Much has been written about the Singapore Sling. Created in 1915 by bartender Ngiam Tong Boon at the Raffles Hotel in Singapore, it had a vibrant, bright red color akin to a psychedelic fruit punch. It didn’t come to be that color by accident. At the time, it was improper for women to drink alcohol in public (within the island’s populace), instead they were only allowed teas and fruit punches. By making the Singapore Sling red, like most non-alcoholic fruit punches, Ngiam Tong Boon essentially created a camouflaged cocktail. The gin drink enabled women to get just as sauced as their male counterparts without anyone in on the joke except for the bartenders serving them.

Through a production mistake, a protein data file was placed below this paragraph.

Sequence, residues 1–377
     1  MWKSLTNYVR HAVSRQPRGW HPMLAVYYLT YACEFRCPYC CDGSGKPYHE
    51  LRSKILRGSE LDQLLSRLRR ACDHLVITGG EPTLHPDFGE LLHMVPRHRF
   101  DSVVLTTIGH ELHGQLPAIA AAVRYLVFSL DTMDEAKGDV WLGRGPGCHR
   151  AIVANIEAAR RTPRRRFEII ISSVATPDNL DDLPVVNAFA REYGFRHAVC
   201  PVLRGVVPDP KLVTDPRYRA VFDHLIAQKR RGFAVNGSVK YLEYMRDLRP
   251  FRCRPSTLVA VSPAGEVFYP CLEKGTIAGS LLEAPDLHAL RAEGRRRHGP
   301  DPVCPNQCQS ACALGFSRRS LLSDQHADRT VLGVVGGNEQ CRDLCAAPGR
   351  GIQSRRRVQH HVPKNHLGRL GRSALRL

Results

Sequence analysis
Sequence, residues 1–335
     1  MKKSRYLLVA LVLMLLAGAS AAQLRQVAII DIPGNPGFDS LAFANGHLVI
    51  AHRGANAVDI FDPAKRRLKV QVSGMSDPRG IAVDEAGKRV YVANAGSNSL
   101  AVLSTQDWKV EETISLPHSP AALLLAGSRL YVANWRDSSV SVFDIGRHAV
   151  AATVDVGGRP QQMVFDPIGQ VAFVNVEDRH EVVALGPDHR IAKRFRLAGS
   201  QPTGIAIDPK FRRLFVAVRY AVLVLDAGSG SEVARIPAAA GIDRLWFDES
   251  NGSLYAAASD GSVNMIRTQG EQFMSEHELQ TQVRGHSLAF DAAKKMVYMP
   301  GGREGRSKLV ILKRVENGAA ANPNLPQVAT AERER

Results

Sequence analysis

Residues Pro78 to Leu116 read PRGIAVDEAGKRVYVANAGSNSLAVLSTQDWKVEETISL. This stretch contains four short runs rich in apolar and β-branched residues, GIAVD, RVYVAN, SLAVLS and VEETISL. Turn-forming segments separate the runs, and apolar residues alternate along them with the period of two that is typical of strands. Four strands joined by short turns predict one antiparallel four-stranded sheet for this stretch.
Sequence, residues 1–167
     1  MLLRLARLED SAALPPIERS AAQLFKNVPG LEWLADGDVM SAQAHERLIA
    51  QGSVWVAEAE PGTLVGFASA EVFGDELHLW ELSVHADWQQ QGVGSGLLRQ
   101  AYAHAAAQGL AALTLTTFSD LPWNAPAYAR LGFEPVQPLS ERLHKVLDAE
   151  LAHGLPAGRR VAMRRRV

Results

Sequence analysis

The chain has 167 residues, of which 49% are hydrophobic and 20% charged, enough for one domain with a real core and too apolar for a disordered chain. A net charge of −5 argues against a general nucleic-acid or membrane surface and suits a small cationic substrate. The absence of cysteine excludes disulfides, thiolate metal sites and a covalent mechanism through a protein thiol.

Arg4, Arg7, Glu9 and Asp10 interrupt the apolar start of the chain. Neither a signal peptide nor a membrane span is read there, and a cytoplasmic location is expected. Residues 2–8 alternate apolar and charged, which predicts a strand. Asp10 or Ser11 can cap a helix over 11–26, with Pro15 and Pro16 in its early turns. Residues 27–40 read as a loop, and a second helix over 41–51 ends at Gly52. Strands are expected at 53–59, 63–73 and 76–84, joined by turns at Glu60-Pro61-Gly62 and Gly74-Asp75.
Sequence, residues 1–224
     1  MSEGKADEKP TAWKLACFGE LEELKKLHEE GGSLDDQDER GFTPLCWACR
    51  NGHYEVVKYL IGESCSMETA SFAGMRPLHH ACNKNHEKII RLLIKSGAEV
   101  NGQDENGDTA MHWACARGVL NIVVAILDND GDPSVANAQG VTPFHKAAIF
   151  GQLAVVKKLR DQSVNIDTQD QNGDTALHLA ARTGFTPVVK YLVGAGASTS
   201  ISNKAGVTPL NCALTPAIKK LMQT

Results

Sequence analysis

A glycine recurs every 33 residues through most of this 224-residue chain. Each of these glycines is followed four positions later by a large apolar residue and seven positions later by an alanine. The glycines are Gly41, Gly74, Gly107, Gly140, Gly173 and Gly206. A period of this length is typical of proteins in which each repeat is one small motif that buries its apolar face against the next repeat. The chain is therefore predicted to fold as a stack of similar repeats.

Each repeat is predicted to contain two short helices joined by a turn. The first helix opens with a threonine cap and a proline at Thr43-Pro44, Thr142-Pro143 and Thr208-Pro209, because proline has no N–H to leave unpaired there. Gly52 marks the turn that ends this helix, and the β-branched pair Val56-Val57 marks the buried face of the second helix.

The Singapore Sling wasn’t the first sling ever invented, but it’s certainly the most famous. Slings come from the German word “schlingen,” which means “to swallow.” They’re typically made with a spirit, citrus, water and sugar. While they used to be made either hot or cold, the Singapore Sling captured the hearts of drinkers everywhere, and cold became de rigueur. Today, you can can find Singapore Slings at bars around the world. It’s a seminal drink in the tiki movement, with modern tiki bars putting their own twists on the classic. Sometimes that modification is simply switching up the gin (a London Dry like Tanqueray works as well as Plymouth which works as well as something botanical like Hendrick’s), or adding a Fear and Loathing in Las Vegas style twist with a mezcal and beer back like the San Francisco bar Bon Voyage!